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Perhaps someone in the forum has an answer to this question:

I have a friend that is looking to purchase 12,500 metric tons of rice CIF Nigeria.

What is the best way to get a supplier to quote a price for this in Thailand?

Do I need to go directly to the mills, or to an exporter?

Any suggestions on who is reliable and cost effective?

Cheers,

E.

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I've been talking to farmers here in Myanmar recently to find out what is going on. Most appear to be in serious trouble financially and the vast majority have failed to grow a second crop this season (Jan - Apr). The price of rice in the local market is very low, input costs such as fertiliser, labour etc have changed little (all controlled) with the exception of diesel which has of course plummeted. I understand from some of the buyers/traders of milled rice that they're finding it very difficult to get export orders and those that they do get realise little if any profit. Most of the rice exported from here is pretty poor quality I'm told and most ends up in Africa. Something has to give, the system they have appears to be broken with parts of it being controlled but the final price is not.

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Perhaps someone in the forum has an answer to this question:

I have a friend that is looking to purchase 12,500 metric tons of rice CIF Nigeria.

What is the best way to get a supplier to quote a price for this in Thailand?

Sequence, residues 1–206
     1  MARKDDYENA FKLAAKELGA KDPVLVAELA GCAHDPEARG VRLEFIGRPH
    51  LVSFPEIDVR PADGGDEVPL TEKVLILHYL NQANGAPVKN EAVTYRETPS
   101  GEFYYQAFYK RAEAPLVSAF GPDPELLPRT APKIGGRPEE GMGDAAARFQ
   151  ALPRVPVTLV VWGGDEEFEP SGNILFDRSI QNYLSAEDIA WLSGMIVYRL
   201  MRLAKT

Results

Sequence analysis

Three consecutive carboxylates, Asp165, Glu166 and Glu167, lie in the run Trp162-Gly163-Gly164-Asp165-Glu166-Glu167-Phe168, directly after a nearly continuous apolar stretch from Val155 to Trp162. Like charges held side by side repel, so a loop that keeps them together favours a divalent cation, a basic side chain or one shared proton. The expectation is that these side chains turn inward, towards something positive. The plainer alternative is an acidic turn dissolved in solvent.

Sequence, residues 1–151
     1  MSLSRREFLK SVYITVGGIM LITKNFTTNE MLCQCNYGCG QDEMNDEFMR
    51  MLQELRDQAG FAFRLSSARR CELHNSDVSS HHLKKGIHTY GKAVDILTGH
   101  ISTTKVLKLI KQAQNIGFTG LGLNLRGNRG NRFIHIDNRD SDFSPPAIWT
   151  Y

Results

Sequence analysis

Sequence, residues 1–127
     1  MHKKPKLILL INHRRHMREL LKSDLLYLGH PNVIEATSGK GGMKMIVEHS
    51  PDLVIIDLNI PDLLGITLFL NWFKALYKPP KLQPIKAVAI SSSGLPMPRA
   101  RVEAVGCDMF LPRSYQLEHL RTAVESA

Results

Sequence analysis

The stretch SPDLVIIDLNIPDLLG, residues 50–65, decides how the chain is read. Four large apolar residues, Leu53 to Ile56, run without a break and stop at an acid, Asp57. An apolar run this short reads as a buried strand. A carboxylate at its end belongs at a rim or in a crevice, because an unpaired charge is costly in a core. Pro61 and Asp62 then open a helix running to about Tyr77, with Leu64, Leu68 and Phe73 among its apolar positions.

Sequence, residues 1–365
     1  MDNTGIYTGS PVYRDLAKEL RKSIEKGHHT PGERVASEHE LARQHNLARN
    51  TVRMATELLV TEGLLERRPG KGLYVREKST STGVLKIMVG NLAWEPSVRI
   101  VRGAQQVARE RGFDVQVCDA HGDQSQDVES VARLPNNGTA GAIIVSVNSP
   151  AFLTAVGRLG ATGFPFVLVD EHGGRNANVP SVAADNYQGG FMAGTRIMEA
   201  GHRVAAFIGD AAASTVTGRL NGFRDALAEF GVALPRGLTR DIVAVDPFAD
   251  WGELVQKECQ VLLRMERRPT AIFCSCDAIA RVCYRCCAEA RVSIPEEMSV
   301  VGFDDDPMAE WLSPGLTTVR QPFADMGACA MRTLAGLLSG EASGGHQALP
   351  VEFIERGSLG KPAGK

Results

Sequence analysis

Do I need to go directly to the mills, or to an exporter?

Any suggestions on who is reliable and cost effective?

Cheers,

E.

What quality of rice does your friend want ?

Does he want rice from Thailand ?

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Anybody know why Japan has banned Thai rice imports?

Do you have a link to this story Lickey First I've heard of the ban you mention, the Family no nothing either.

How much Rice did they use to take?

I can find nothing about this. This is a good site for rice news:-

http://www.riceexporters.or.th/Rice_news_eng.htm

I think Japan was expected to take 220,000 tonnes ? Historically, they have had 500,000.

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Anybody know why Japan has banned Thai rice imports?

Do you have a link to this story Lickey First I've heard of the ban you mention, the Family no nothing either.

How much Rice did they use to take?

I can find nothing about this. This is a good site for rice news:-

http://www.riceexporters.or.th/Rice_news_eng.htm

I think Japan was expected to take 220,000 tonnes ? Historically, they have had 500,000.

Thanks for that its a good site, 220,000 tonnes that a lot a Rai that is.

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Lickey,

I could be wrong,but my understanding is that Japan has never exported rice.This is a historical thing from one of their old kings.

Things may have changed however,but as I understand it from a friend who used to work high up in a Japanese bank in the Uk, this was the story.

I wait to be corrected however.

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Lickey,

I could be wrong,but my understanding is that Japan has never exported rice.This is a historical thing from one of their old kings.

Things may have changed however,but as I understand it from a friend who used to work high up in a Japanese bank in the Uk, this was the story.

I wait to be corrected however.

Excuse me please , correction , the post says 'Banned IMPORTS '

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Lickey,

I could be wrong,but my understanding is that Japan has never exported rice.This is a historical thing from one of their old kings.

Things may have changed however,but as I understand it from a friend who used to work high up in a Japanese bank in the Uk, this was the story.

I wait to be corrected however.

Excuse me please , correction , the post says 'Banned IMPORTS '

sorry so it does....must clean my glasses....however, may well still be the same in reverse.